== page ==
The Eighty-first Indiana rallied and charged the enemy, driving the lines back handsomely. The brigade was then withdrawn and marched off to the right in division column, and camped at night in rear of Fourteenth Army Corps. August 27, continued march to the right, and went into position near Mount Gilead Church. August 28, continued march, and went into position near West Point railroad. August 29, occupied same position; Thirty-first Indiana engaged in destroying railroad track. August 30, marched to position near Mud Creek. August 31, drove the enemy's skirmishers from works on the bank of creek, and camped one mile west of Macon railroad. About 3.30 p. m. became engaged with enemy's skirmishers, and drove them steadily before us to their main line near Jonesborough; formed junction with Fourteenth Army Corps battle line and moved upon the enemy; became very spiritedly engaged, driving the enemy into his works. Night-fall compelled us to cease our efforts. During the night intrenched. The enemy withdrew during the night. September 2, pursued the enemy through Jonesborough, coming up to him again near Lovejoy's went into position and drove his skirmishers back to his main line of works. Again night compelled cessation of work. September 3, was placed in reserve to Second and Third Brigades; occupied same position until evening of the 5th, when we withdrew and marched to present position on Augusta railroad, arriving September 8 p. m.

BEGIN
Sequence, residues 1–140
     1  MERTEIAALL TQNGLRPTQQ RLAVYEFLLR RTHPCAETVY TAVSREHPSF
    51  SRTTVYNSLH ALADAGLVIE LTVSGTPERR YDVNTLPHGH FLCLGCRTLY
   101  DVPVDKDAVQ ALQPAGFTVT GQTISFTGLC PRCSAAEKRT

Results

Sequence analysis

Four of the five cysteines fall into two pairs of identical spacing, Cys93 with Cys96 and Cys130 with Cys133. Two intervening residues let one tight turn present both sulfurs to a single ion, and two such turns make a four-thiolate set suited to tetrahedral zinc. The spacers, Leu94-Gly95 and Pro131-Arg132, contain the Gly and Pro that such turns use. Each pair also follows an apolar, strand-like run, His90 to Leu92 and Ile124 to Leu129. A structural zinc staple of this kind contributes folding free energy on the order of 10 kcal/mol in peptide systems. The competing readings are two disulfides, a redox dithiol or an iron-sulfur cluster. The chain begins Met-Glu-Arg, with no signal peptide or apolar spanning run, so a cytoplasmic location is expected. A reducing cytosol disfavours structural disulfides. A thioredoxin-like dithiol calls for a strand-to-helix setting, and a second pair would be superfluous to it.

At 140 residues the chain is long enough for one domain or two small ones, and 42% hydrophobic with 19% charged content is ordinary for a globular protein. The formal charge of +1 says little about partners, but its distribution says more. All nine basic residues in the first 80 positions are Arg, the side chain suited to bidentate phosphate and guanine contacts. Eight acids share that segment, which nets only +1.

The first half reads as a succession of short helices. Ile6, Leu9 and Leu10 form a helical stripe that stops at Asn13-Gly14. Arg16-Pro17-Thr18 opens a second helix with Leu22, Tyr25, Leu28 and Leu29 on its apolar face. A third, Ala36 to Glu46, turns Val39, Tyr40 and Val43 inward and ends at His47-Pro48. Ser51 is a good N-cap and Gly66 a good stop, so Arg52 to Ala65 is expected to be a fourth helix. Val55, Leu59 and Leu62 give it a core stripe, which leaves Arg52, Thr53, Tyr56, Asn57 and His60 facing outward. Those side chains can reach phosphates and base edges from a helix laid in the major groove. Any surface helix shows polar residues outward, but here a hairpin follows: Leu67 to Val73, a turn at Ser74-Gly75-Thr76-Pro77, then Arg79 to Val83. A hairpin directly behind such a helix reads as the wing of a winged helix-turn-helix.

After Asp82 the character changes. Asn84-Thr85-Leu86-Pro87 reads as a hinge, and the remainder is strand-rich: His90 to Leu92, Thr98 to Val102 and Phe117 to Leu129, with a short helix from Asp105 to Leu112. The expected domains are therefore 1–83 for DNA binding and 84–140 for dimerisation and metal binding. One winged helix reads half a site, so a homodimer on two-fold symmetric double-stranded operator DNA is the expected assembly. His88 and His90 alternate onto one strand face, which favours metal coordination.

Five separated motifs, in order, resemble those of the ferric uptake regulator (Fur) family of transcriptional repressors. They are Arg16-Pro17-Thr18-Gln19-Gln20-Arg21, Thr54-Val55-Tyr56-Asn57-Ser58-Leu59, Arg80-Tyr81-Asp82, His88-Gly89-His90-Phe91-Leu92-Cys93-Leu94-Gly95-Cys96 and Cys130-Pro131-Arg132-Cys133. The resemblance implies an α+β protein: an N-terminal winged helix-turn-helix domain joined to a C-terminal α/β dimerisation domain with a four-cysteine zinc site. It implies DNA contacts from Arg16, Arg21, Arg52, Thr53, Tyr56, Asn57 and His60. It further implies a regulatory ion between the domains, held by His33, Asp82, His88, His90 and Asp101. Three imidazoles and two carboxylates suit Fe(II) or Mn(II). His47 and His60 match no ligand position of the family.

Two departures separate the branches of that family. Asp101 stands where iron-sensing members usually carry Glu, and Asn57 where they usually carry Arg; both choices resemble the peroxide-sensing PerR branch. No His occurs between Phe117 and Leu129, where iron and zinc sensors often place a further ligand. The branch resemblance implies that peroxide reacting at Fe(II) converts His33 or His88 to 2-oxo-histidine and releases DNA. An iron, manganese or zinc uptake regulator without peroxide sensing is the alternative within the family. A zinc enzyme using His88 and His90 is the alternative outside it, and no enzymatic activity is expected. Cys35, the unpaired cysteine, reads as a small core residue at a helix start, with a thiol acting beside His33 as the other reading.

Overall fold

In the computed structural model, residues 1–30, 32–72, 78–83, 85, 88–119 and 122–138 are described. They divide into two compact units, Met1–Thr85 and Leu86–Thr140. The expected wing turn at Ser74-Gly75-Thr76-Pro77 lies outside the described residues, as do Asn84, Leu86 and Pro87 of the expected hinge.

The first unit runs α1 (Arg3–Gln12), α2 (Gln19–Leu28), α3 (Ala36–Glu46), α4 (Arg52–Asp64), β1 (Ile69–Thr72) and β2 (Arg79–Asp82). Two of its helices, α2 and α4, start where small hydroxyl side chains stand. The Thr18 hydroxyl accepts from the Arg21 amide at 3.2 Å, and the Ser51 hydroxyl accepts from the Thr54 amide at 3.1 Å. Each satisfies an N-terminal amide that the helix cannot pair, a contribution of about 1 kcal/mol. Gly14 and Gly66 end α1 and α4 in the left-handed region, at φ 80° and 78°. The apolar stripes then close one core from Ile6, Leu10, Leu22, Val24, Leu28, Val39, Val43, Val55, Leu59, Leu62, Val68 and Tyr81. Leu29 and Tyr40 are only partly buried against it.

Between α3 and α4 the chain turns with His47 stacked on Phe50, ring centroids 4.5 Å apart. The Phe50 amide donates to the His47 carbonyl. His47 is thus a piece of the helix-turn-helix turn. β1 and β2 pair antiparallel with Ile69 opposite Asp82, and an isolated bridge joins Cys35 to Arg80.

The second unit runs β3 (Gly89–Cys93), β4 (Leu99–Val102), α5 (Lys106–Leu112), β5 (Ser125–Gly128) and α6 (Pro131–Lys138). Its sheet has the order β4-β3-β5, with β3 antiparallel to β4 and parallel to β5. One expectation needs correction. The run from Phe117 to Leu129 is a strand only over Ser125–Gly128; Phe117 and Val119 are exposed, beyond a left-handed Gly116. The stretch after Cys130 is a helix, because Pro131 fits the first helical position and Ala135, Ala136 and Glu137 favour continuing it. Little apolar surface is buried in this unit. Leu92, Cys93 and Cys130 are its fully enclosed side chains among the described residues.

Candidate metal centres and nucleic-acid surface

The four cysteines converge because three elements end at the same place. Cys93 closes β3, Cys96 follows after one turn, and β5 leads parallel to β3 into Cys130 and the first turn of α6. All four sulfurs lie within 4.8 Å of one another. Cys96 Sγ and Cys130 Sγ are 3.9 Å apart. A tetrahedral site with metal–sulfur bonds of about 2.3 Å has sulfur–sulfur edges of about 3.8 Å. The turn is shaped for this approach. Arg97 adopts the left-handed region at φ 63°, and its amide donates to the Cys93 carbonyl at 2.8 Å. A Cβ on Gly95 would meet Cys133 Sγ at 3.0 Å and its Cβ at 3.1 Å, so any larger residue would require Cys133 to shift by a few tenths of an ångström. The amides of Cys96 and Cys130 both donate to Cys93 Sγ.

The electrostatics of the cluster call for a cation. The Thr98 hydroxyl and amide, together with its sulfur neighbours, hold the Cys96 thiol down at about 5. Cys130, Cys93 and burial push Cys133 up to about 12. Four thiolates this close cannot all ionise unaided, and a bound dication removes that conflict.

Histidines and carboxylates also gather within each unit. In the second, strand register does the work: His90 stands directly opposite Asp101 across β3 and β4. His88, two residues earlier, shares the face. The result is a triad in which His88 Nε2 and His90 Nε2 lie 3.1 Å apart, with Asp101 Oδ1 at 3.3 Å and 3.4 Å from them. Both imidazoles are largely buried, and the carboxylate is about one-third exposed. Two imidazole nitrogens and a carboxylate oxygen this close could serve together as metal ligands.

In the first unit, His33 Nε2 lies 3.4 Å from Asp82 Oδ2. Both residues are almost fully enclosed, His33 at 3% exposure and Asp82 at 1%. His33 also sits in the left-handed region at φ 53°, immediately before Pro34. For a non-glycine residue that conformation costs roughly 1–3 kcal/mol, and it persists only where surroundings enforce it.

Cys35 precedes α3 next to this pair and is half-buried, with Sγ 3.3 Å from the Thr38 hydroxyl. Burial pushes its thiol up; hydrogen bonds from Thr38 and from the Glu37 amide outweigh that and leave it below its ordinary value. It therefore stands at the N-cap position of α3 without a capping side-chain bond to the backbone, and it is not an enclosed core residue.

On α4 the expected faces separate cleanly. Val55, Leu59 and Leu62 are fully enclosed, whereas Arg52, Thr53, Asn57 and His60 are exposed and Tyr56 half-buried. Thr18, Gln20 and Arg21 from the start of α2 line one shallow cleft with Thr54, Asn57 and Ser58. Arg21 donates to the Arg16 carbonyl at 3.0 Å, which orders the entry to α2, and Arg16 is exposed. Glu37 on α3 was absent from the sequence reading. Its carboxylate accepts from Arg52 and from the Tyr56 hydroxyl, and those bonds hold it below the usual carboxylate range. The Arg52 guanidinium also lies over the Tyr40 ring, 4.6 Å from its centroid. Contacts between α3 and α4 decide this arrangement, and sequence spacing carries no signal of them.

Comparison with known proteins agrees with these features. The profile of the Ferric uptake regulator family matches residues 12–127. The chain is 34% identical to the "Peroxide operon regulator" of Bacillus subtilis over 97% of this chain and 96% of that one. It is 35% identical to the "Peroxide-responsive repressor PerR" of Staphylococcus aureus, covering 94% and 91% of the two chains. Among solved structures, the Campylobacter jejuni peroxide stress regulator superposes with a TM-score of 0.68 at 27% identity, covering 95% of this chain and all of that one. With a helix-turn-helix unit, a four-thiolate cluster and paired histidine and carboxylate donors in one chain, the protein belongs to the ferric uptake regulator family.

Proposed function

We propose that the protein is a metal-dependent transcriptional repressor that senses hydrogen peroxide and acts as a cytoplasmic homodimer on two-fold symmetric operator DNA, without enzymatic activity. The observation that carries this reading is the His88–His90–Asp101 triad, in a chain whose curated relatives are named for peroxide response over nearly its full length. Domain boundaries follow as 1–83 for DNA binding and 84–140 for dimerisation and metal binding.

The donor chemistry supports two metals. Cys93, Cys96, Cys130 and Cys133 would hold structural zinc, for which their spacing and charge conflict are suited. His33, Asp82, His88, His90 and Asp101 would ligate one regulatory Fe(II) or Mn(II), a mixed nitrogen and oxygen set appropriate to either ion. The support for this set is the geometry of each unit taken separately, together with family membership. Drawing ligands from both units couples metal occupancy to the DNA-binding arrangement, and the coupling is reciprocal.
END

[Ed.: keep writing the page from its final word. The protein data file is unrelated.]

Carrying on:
In the early part of this arduous campaign this brigade lost by sickness the valuable service and directions of its proper commander, Brigadier-General Cruft. For its comparative success since then I am indebted to the intelligent and untiring efforts of the regimental commanders. I am truly under lasting obligations to these officers for their cheerful and prompt execution of all orders, and for their indefatigable zeal and watchfulness by day and night.
To the line officers and men, more than thanks are due. They have labored and fought cheerfully and gallantry when physical energies seemed taxed beyond endurance. We mourn the loss of gallant comrades to the number of 6 commissioned officers and 53 enlisted men killed, and sympathize with 22 commissioned officers and 343 enlisted men wounded, and 15 men missing. Lieutenant-Colonel Neff, Thirty-first Indiana; Major Angle, Ninetieth Ohio; Captain Ebersole, One hundred and first Ohio, and Captain harris, Thirty-eighth Illinois, fell in front of Kenesaw; Captain Rains, Ninetieth Ohio, in front of Atlanta, and Lieutenant Hosmer, One hundred and first Ohio, in the dark gorge at Rocky Face. Brave, gallant, accomplished gentlemen, whose memory their comrades will never cease to revere, and whose virtues their highest aim will be to emulate.
I must here bear testimony of the invaluable aid rendered by the pioneer detachments of this brigade. They seemed to have been selected for their gallant and earnest enthusiasm in the cause. I offer my thanks to Lieutenant Petticord, One hundred and first Ohio, and Lieutenant Graham, Eighty-first Indiana, pioneer officers.
To make mention of the officers and men of this brigade distinguished for gallantry would be to make out almost a complete muster-roll, but can, without detriment to the other gallant men, call attention to Captain Sutphen, Ninetieth Ohio; Captain Latimer, One hundred and first Ohio; Lieutenant Ford, Thirty-first Indiana, as officers deserving more than thanks.